Four weeks ago, I left a cold wet Australian winter and arrived in the heat and hustle and bustle, of Delhi. In the month of July undertook a research project for Haiyya in order to investigate the types of methodologies, tools and practices utilised by some of the top youth-led activists, movements & community organizing groups in India. The aim of this project was to identify the community organizing practices activists and campaigners are utilising in their work and to disseminate the findings with Haiyya’s networks. The hope is that this in turn will provide the community organizing sector with a resource to support campaigning and leadership initiatives in India.
Which is the most common approach of community organizing being utilised?
The survey revealed that all participants utilised community organizing framework in one way or another. The approach varied, some participants utilised peer education and others took a participatory approach. However, the most common theme was the use of narrative. The sharing of stories and experiences with others in order to create relationships, empower people to lead and create lasting social change. When deciding the types of campaigns that the activist or community organizing group should undertake, participants largely responded that they or their organization were guided by social justice issues impacting communities.
Is an organizing plan necessary for campaign initiatives? And if so, what should this plan consist of?
Seventy-five percent of participants felt that an organizing plan was essential for campaign initiatives. These participants stated that a good organizing plan should incorporate interest and input from the community volunteers, mentoring and supervision of volunteers and new leaders, and agreement on goals of desired impact. In addition, participants stated that in order to build a campaign on the right foundation, it is important for a plan to include participation of all stakeholders, how progress will be monitored and to always consider the social justice issue you are working towards in the approaches you undertake.
So why do people mobilise to act on social justice issues?
Activists and community organizers stated that people are predominantly motivated to act or lead due to oppression, the social justice issue at hand or the immediate consequences of the campaign. For example, one particular activist was working on a campaign to normalise and reduce embarrassment surrounding women’s undergarments, the campaigner hung bras on a wall to protest an issue and also to normalise women’s undergarments. In addition, the survey revealed that activists and organizers felt that people are also motivated to act through a sense of belonging, relationships of trust built with campaigners and community, and hope for a better future.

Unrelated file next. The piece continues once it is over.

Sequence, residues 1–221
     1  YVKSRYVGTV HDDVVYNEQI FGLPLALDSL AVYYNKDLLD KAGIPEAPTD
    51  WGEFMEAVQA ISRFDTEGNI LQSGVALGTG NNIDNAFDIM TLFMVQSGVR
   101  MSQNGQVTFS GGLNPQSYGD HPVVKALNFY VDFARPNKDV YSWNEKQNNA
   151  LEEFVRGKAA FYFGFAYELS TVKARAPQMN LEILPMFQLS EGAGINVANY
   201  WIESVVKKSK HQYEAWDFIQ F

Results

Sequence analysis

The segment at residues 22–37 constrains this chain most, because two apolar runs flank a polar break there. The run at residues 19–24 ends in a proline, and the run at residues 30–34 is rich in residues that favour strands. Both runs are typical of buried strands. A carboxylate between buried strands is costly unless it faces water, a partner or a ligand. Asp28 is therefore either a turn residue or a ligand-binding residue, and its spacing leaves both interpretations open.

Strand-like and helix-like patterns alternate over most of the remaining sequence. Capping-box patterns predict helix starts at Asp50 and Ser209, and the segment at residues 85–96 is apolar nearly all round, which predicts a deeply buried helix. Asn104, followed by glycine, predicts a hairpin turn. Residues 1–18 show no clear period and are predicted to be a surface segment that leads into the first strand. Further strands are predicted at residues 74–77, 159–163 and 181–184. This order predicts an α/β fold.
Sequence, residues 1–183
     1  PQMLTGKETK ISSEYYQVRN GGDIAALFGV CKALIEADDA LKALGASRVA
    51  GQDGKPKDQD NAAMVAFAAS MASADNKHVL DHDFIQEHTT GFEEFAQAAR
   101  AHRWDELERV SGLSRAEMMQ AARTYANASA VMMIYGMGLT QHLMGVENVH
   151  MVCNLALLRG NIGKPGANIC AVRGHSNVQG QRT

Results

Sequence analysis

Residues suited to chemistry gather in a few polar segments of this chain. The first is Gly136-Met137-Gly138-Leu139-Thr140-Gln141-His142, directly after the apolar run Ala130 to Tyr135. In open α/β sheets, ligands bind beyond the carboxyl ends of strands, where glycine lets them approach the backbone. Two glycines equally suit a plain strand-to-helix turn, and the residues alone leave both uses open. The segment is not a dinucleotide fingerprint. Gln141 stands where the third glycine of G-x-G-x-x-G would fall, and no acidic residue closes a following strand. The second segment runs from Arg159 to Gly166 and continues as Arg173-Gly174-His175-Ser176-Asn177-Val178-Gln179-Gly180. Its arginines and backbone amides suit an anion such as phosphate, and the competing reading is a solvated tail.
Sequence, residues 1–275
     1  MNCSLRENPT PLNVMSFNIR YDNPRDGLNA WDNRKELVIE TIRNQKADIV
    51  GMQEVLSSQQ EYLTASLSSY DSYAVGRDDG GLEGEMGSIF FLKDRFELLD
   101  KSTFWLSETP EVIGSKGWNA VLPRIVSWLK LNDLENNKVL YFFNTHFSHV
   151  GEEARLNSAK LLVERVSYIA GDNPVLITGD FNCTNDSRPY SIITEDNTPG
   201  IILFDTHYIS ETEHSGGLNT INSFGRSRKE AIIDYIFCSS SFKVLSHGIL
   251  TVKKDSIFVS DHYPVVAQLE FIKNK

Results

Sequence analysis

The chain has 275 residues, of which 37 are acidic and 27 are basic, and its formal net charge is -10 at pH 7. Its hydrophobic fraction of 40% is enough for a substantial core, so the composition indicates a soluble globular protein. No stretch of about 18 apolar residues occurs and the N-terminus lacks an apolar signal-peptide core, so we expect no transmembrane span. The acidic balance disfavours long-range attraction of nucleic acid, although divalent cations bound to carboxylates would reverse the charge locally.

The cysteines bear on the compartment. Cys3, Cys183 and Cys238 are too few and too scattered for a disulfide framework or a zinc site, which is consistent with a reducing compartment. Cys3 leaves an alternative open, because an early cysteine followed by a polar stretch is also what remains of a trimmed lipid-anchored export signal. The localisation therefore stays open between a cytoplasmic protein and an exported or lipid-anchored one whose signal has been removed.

What are some key challenges community organizers face when mobilising people to act?
Participants stated that some of the key challenges surrounding mobilisation to act involve the stigma surrounding the issue, inaccurate knowledge about issues,and fear of repercussions of participating in campaigns from community, family, authorities or religious faith. For example, one participated stated that the main purpose of their campaigns was to end the practice of female genital cutting. The participant stated that their “main challenge is countering all kinds of pro-cutting arguments that are rooted in religious faith and convincing our target audience that we do not wish to antagonise the community or critique the religion or their faith.”
What makes for successful campaigns?
Participants in the study stated that a successful campaign should take a grass-roots, bottom up approach that incorporates open communication, a functional and proactive feedback loop and be process orientated as opposed to outcome orientated.
What makes for unsuccessful campaigns?
The study revealed that most activists and community organizing groups found that a campaign that incorporated judgemental language, was antagonistic towards the community they were working in and one that used a ‘cookie cutter’ model of campaigning with no flexibility was destined to fail.
By Karen O’Reilly
Karen is a student at University of Sydney pursuing Masters of Human Rights. She worked as a researcher for Haiyya for the months of June – July.